Timing adjustments are available via the “Punch Type” control which allows a range of selections from “Slow” to “Fast.” Unfortunately, this parameter doesn’t display any real world time values, so let your ears alone be the guide. The “Sustain” control also provides up to +/-20 dB of variability but doesn’t include any timing adjustments.
Multiband control over transients is also available and is flexible and easy to use. The “Punch” and “Sustain” processors can each be applied in “Wide” mode ( covering the entire bandwidth), “Hi mode” (high frequencies only), and “Lo” mode (affecting low frequencies only). The “Crossover” control determines the frequency at which the signal gets split into the “Hi” and “Lo” bands, with variable control from 100 Hz to 4000 Hz. This plugin is limited to just the two bands.
A comprehensive readout of how much transient modification is going on across both bands is displayed via the “Gain Change” meter. Separate readings from -/+ 20 dB are available for both “Hi” and “Lo” bands. Output levels can be monitored via the Output Level meter, and the included “Clip LED” indicates if the output is clipping.
Finally, “Level” controls the output volume by allowing you to attenuate by as much as -48dB or increasing the signal by up to +12 dB. There is also an optional soft clipper which, when engaged, kicks in when 0 dB output is reached. Note that “Level” controls the volume before hitting the soft clipper and that the Output Level meter will show volume after the soft clipper.
Neutron is actually a multi-processing channel strip suite, but I’m including it in this roundup for its its powerful “TransientShaper” module.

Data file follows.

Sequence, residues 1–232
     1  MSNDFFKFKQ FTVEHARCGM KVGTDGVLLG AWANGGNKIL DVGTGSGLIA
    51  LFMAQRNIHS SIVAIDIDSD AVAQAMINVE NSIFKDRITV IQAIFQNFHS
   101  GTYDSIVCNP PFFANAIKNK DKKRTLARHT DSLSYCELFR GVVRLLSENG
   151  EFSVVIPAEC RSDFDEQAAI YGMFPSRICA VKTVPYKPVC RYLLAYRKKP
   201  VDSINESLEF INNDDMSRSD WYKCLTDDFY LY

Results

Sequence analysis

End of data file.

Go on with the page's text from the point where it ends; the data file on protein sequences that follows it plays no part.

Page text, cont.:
While wide-band processing is the default here, multi-band capabilities include two crossovers, allowing for up to three separate bands of transient shaping.
Each of these bands has both a Solo and Bypass control, allowing you to So isolate each band to hear exactly how it’s being affected, or to deactivates the band’s processing while preserving the crossover position.
Note that bypassing a band in this way is not the same as deactivating the associated crossovers. The audio remains split into multiple bands until you disable each crossover by clicking on its associated number.
Each band has a few controls: “Attack” and “Sustain” provide an increase or decrease of up to +/- 15dB. In between are three “Contour” options—Sharp, Medium, and Smooth—that allow you to tweak response of the transient shaper in each band.
“Sharp” uses the fastest release time, making it the best option for short and staccato material such as percussion. “Medium” offers a transparent and linear release envelope so it tends to work well on the majority of source material. “Smooth” has the slowest envelope, making it the best option for sustained signals.
There are also three global algorithms: Precise, Balanced, and Loose. “Precise” has the fastest recovery time and is most accurate and responsive when adding or removing attack. “Balanced” is the middle ground, employing a fairly quick attack and medium release time. “Loose” has the slowest release, making it best for adding large amounts of sustain. A fully variable, global mix control is also included to blend processed audio internally.
A novel and useful visual aid is provided through “Gain Adjustment Trace”—a scrolling meter that displays the incoming signal’s waveform with a superimposed curve that illustrates any gain adjustments happening in real time.
And, when Neutron is loaded in a 5.1 or 7.1 surround-sound configuration a LFE bypass is included to ensure that audio in the LFE channel is passed through unprocessed with the correct latency compensation.